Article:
As set forth above, the goal of the unit 10 of the present invention is to be easily portable and to provide area intrusion monitoring and remote detection at low cost for use by law enforcement and other security personnel. This is provided by the unit 10 of the present invention, in which a microcontroller and its' firmware operation and circuitry on the board 22 control the implementation of this intrusion detection radio appliance.
As shown in FIGS. 5-7, the detector 18 is preferably a dual-element pyroelectric passive infrared detector that, like all pyroelectric detectors, is sensitive only to changes in temperature. A change in temperature produces a small voltage, which is amplified by an internal JFET transistor. The detector's dual elements are connected opposing one another. This helps reduce false triggering due to changes in ambient temperature. Any such thermal changes will affect equally both elements and will cancel, producing no output.
The detector 18 is positioned at the focal point of the fresnel lens 26. The lens 26 is designed to have a wide field of view to cover as much of the surrounding area as possible. The lens 26 is also designed with multiple zones, which pass or block infrared energy from an object depending upon position. As a warm object, such as a person moves through the field of view, the zones of the lens 26 breaks repeatedly as the person moves across the field of view. This chopping affect creates a change in infrared temperature of the detector 18, thereby producing an output signal.
A two-stage bandpass filter 28 and amplifier 30 are used and shown in FIG. 5. The amplifier 30 is sensitive to frequencies between 1 and 25 Hz only. This further helps reduce false alarms since normal human motion will fall within this range. The total gain of the amplifier chain is 76 dB. This high gain is needed because the amount of infrared energy striking the detector 18 is very low and thus the signal from the detector is very low as well.
A dual-threshold window comparator is formed by 32 and 34, as shown in FIG. 5. The output of the amplifier 30 is compared with voltage levels set by R8, R9 and R10. If the signal rises above the lower threshold, TRIGA! will switch from a logic high to a logic low. If the signal drops below a lower threshold, TRIGB! will similarly switch. The circuit is designed such that the system will trigger when infrared energy from an object passing from a light to a dark zone, or from dark to light, is sensed.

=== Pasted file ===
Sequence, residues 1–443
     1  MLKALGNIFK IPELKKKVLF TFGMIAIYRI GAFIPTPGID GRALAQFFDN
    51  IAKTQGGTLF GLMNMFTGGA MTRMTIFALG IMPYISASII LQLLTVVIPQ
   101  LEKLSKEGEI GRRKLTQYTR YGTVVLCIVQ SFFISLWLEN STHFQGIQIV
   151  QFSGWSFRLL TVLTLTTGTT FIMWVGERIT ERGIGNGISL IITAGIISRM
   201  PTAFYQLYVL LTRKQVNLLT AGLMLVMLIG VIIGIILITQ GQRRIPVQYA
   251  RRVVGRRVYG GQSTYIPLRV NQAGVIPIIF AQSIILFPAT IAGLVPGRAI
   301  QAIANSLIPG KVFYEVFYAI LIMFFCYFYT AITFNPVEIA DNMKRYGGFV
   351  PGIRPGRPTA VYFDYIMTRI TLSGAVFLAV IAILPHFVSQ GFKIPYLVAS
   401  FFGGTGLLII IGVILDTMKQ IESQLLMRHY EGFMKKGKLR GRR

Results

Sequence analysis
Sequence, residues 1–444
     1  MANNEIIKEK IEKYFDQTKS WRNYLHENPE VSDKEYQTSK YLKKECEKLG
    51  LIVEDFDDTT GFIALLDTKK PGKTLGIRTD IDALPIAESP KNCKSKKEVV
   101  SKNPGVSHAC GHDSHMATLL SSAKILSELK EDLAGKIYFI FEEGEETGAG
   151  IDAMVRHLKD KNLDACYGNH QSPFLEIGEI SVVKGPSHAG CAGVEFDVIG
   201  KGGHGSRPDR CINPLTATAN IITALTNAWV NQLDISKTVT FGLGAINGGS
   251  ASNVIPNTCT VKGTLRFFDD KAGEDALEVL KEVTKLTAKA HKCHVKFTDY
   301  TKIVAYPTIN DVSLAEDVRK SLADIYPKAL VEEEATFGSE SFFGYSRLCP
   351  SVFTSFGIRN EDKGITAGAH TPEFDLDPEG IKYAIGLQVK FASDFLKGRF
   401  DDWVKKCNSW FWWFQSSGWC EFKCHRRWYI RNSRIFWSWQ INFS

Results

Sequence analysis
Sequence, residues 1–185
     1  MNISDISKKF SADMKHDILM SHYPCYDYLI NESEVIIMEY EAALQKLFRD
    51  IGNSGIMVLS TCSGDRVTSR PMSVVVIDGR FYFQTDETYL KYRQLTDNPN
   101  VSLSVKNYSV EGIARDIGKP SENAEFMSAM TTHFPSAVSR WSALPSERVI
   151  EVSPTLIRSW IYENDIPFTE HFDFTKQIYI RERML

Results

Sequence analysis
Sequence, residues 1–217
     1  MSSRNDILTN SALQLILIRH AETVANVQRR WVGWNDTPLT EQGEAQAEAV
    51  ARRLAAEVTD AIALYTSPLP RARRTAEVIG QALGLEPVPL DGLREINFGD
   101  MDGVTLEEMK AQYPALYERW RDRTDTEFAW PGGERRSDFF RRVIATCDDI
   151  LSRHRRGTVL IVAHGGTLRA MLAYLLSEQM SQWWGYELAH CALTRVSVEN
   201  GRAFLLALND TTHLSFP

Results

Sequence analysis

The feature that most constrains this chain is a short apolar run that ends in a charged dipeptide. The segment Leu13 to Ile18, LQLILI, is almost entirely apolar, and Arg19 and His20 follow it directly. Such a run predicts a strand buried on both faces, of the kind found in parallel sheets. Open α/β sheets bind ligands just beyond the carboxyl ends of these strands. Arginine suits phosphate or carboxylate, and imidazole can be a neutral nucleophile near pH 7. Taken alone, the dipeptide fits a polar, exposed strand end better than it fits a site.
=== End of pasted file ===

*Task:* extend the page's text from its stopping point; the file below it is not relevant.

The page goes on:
As shown in FIG. 6, an 8 bit microcontroller or microprocessor 36 with onboard program ROM and RAM is preferably used. The microcontroller 36 operates at a low frequency set by a crystal X1. This low frequency keeps power consumption low for prolonged battery life. Also, as described above, the microcontroller 36 includes a means to prolong battery life in the external radio or cell phone, by turning the external radio or cell phone to standby, if no intruder is present.
An LED 38 is driven by one output port from microcontroller 36. Upon power up, this LED 38 will flash for a predetermined time, such as several tens of seconds. During this time, the amplifier and detector circuit are allowed to stabilize, and triggers are inhibited. This allows an operator to turn the unit 10 on, plug in a separate radio unit or cell phone, if not already done, and leave the area without triggering the system. Once the LED 38 stops flashing, the system is armed and ready to sense movement and broadcast on the external radio or cell phone plugged into the unit 10.
The TRIGA and TRIGB signals from the window comparator 32, 34, previously discussed, are inputs to the microcontroller 36. Either of these inputs becoming a logic low will start the transmit cycle. The cycle begins by microcontroller 36 turning on power to the output circuitry. This signal is called, or indicated as, +5 VSW, and by keeping this off except when triggered, helps extend battery life.